GSK3β is also intimately linked to the melatonergic pathway, with GSK3β inhibition attenuating IFNγ induction of IDO, as shown in dendritic cells [162], thereby decreasing kynurenine production for AhR activation and increasing serotonin availability for the melatonergic pathway. The O-GlcNAcylation of GSK3β may enhance more optimal pathway activity in cytolytic cells, including the melatonergic pathway. GSK3β inhibition prevents IFNγ-induced IDO [162], including in cancer cells [163], and dendritic cells [164]. Such inhibition involves suppression of the Janus-activated kinase (JAK)1/PKCδ/STAT1 pathway, which is also inhibited by green tea’s epigallocatechin gallate (EGCG) [163] and curcumin [164], as well as other GSK3β inhibitors [162]. GSK3β inhibition, including by O-GlcNAcylation, will therefore modulate both cancer cells and cytolytic cells.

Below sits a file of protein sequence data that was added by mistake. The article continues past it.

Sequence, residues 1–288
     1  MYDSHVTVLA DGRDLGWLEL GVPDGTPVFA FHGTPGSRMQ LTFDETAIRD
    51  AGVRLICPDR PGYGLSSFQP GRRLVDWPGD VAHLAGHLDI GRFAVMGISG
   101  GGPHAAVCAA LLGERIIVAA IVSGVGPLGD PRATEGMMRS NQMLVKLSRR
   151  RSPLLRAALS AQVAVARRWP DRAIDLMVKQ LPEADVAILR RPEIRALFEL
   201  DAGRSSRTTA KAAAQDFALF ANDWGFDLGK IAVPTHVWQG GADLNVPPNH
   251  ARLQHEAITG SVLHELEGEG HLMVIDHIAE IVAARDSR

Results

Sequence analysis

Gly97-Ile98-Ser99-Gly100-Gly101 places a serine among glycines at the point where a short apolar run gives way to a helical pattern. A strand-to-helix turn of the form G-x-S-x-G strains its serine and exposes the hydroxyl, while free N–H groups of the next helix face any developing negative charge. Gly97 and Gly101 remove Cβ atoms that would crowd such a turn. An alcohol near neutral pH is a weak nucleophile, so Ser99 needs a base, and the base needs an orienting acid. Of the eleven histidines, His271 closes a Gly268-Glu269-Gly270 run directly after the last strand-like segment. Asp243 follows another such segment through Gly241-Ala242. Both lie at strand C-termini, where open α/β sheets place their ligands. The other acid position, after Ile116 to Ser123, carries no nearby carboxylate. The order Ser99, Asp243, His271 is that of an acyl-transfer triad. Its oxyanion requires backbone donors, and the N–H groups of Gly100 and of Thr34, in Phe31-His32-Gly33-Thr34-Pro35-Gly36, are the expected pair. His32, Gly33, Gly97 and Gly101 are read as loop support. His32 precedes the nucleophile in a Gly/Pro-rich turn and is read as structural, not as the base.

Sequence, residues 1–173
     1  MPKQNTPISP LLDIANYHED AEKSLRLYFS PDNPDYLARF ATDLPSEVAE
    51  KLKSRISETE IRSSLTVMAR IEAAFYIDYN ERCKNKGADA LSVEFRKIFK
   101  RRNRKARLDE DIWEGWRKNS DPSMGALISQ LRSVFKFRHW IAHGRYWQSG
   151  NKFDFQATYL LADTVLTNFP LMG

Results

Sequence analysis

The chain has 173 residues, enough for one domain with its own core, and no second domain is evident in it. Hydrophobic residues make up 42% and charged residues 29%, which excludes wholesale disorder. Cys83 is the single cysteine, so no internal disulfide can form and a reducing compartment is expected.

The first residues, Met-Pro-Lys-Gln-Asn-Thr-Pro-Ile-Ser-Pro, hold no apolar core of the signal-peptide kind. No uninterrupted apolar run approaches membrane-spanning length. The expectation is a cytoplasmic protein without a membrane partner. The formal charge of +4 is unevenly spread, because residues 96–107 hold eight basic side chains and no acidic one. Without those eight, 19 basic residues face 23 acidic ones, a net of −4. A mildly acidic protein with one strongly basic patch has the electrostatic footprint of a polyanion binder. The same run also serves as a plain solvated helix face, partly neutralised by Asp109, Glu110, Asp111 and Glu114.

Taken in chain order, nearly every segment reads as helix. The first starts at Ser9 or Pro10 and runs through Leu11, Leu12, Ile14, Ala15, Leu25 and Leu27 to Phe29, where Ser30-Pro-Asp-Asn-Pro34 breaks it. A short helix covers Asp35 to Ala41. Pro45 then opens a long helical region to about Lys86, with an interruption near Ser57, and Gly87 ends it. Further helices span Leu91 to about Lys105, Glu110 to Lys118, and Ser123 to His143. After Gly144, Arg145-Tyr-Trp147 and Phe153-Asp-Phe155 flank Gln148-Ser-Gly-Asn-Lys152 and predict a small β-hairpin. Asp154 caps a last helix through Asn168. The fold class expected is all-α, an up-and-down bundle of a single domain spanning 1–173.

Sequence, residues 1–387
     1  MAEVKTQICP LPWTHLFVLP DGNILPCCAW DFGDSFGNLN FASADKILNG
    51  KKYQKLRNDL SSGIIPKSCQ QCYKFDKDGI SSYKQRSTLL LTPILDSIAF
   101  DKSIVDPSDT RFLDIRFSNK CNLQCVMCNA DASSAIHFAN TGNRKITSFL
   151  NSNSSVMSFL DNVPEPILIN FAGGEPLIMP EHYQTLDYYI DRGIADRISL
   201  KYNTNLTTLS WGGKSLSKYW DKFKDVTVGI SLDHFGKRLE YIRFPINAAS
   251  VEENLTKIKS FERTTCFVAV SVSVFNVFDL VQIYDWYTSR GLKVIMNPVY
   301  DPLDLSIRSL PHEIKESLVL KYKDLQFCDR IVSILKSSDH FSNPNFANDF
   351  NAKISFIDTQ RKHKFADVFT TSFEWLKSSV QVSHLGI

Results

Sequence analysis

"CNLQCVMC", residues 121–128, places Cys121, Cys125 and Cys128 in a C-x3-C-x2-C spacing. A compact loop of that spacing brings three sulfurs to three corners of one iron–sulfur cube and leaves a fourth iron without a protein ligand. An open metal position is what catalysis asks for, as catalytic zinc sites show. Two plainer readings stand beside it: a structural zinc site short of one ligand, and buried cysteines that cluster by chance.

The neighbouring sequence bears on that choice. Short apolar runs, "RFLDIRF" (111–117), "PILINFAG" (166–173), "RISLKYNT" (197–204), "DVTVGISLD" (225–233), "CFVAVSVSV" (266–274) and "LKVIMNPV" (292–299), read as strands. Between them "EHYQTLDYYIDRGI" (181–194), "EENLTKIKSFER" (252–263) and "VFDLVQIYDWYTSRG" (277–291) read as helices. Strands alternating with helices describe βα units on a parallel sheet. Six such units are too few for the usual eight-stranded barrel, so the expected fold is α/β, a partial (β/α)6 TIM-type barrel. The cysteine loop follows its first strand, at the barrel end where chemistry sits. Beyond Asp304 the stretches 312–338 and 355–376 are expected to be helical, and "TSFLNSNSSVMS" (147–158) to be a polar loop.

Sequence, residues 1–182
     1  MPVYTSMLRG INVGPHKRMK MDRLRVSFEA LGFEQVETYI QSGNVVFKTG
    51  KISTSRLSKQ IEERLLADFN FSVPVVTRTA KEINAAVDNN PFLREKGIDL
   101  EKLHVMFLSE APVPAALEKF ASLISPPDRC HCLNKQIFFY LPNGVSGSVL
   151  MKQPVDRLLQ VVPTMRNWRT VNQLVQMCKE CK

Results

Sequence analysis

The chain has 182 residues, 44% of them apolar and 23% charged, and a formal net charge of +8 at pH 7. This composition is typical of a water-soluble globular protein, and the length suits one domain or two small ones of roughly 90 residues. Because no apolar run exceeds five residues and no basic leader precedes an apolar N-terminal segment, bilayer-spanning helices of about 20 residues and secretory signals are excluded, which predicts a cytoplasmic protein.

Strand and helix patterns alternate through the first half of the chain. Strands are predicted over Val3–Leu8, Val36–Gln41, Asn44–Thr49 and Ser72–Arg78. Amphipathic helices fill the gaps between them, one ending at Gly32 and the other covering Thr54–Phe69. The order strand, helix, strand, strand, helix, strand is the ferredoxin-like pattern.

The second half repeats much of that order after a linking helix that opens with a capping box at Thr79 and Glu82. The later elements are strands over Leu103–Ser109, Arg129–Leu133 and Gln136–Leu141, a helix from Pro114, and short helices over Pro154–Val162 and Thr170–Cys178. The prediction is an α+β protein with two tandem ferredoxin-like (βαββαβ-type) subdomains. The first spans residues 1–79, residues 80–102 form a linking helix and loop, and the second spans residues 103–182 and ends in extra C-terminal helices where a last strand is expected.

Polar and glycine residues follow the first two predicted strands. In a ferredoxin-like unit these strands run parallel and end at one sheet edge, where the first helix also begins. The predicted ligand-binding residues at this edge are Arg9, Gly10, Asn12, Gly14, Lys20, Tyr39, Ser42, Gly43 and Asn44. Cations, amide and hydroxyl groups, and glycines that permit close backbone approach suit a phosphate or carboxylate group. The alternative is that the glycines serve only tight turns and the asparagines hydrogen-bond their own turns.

GSK3β inhibition has reciprocal positive interactions with melatonin, with melatonin increasing the PI3K/Akt and ser9 phosphorylation and inhibition of GSK3β and GSK3β inhibition suppressing IDO [162]. However, a STAT1 binding site is present in the AANAT promotor [165], allowing STAT1 activation of IDO by IFNγ to induce the melatonergic pathway and melatonin release. It is likely that the concurrent release of melatonin would negatively feedback on the IFNγ/GSK3β/JAK1/PKCδ/STAT1/IDO, although AhR/CYP1B1 via the backward conversion of melatonin to NAS would have contrasting effects via TrkB activation. Clearly, a number of factors and interacting processes have evolved to regulate mitochondria metabolism and the melatonergic pathway, arising from their significant influence on cellular and intercellular functions, including many of the key processes classically associated with CSC proliferation and immunosuppression in the tumour microenvironment.